Posts tagged with 'Design'
Will Aslett is Lead Digital Creative at The Good Agency, based in London. Here he explains what he does for a living, and what a typical day looks like.
If you like the sound of Will's role then do check out the range of design and production jobs we have on our digital jobs site.
When evaluating the influence and quality of your website, sometimes it helps to take a step back and prioritize the site’s fundamental needs from the ground up.
Often times we get so entangled in optimization tactics that we don’t realize that the most vital elements of our websites can be what’s hindering its performance.
Before you start investing a lot of time and energy into improving advanced characteristics of the website, it’s important to ensure the most basic needs are met.
Mapping web optimization priorities in an anthropomorphic manner can help to understand the best way to prioritize website improvements.
It’s a case of déjà vu. A decade ago the rise in popularity of Flash steered many web designers down the wrong path. It wasn’t the fault of the technology, but of the people using the technology. Just because you can do something doesn't mean you should. I'm all for innovation, but innovation should not be regressive.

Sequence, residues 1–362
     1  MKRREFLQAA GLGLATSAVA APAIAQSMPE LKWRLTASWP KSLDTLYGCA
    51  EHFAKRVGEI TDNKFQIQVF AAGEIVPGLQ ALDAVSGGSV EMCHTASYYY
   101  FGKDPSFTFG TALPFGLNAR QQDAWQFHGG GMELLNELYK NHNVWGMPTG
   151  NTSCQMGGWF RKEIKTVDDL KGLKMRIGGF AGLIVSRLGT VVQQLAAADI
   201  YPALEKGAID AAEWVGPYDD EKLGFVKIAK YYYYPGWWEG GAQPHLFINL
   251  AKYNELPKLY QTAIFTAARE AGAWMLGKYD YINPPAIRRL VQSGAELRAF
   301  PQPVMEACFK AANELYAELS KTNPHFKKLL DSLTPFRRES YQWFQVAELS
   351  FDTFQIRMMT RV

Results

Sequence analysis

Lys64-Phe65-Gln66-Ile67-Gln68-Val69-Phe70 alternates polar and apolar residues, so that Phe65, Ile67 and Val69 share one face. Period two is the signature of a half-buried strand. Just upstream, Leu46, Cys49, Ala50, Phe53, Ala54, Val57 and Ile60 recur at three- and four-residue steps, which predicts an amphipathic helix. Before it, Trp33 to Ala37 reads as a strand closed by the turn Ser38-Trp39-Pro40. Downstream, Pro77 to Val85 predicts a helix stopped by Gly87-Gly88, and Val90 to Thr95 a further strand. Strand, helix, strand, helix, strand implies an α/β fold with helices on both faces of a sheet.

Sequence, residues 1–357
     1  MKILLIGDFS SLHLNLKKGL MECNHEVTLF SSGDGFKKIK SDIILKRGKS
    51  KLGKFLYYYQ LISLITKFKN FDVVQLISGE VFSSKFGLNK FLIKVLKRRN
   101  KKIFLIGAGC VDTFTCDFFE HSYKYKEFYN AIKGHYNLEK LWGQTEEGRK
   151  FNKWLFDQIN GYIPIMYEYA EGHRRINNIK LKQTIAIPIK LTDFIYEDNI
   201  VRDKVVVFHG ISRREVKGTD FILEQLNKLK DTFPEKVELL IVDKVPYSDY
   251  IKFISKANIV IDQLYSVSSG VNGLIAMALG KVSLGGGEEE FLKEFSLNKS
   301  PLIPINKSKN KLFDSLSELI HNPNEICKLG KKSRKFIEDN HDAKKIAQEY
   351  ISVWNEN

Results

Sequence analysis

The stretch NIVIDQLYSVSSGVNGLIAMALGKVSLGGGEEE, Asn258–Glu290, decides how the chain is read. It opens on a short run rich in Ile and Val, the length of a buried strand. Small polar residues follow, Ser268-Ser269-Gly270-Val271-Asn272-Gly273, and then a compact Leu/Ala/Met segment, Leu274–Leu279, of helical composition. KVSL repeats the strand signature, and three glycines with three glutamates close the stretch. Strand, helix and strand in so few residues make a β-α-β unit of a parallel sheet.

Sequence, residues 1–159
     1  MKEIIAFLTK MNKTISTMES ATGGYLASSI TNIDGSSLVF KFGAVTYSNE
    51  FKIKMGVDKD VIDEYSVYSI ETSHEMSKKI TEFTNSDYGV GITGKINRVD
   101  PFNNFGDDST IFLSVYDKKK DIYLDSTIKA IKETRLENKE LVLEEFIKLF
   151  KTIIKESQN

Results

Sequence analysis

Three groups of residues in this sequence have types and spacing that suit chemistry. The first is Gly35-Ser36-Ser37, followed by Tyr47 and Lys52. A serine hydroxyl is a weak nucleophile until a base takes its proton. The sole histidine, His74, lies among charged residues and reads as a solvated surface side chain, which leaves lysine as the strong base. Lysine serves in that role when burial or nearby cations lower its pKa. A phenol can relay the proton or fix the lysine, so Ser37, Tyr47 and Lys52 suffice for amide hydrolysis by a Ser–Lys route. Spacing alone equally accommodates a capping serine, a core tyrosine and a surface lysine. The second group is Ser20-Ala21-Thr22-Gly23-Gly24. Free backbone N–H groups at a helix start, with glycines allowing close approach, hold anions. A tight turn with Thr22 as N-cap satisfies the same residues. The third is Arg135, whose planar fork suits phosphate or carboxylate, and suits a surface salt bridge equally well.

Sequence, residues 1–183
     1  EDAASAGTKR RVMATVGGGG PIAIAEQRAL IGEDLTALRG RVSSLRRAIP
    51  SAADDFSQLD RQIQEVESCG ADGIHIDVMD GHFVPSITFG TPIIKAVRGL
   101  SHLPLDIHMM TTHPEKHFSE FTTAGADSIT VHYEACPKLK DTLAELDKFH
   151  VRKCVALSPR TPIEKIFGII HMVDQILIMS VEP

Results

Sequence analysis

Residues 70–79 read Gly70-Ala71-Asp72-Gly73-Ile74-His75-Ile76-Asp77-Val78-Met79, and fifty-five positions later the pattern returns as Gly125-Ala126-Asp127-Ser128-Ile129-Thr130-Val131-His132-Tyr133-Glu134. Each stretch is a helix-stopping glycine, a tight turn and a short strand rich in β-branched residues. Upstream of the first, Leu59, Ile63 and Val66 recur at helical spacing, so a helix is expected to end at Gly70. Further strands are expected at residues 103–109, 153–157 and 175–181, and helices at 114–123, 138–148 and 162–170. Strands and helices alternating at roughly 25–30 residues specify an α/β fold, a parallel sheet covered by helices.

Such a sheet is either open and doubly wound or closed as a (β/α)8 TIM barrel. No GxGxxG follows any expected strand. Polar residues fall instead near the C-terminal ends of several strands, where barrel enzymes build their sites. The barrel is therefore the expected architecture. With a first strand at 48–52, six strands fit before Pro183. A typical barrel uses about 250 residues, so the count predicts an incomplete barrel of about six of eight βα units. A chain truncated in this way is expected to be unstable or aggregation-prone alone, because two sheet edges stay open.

Make no bones about it, HTML5 design is a massive, musty elephant in the room, and it is about to charge. In its path lies a flailing, unarmed Jakob Nielsen, backed up with legions of user experience professionals, who are gently sobbing. GoDaddy CEO Bob Parsons, the noted elephant slayer, is nowhere to be seen.
So, below are some examples of user experience badness. The irony is that I spotted many of these examples in posts like this one, dedicated to ‘fresh HTML5 design inspiration’. For the purposes of clarity I am not pointing the finger of blame at HTML5 itself, but the 'HTML5 design' themes seen on lots of sites which suffer from the issues outlined below.
The interwebs have been ablaze with news of Facebook’s newest change for a good week. Today, they made their official announcement about upcoming changes to the News Feed.
We knew it was coming, but what does it mean?
Want to get the best from your design studio?
Whether they’re newly hired or long-standing partners, here are five top tips, based on 15 years of agency-side experience, that will get you results, rapport and respect (and possibly even access to their stash of brightly-coloured confectionery).
For many years since its release, the Android OS has been behaving like a teenager in the grip of raging hormones. Growth has been nothing short of explosive and the changes have been sweeping and profound.
With the release of Ice-Cream Sandwich OS, the UI standards and design elements have changed dramatically and the platform has really matured and even stabilized somewhat.
Nevertheless, the OS has retained it’s rebellious hacker DNA with unique features that are authentically Android.
In my last blog I looked at why mobile and tablet optimisation was imperative to businesses.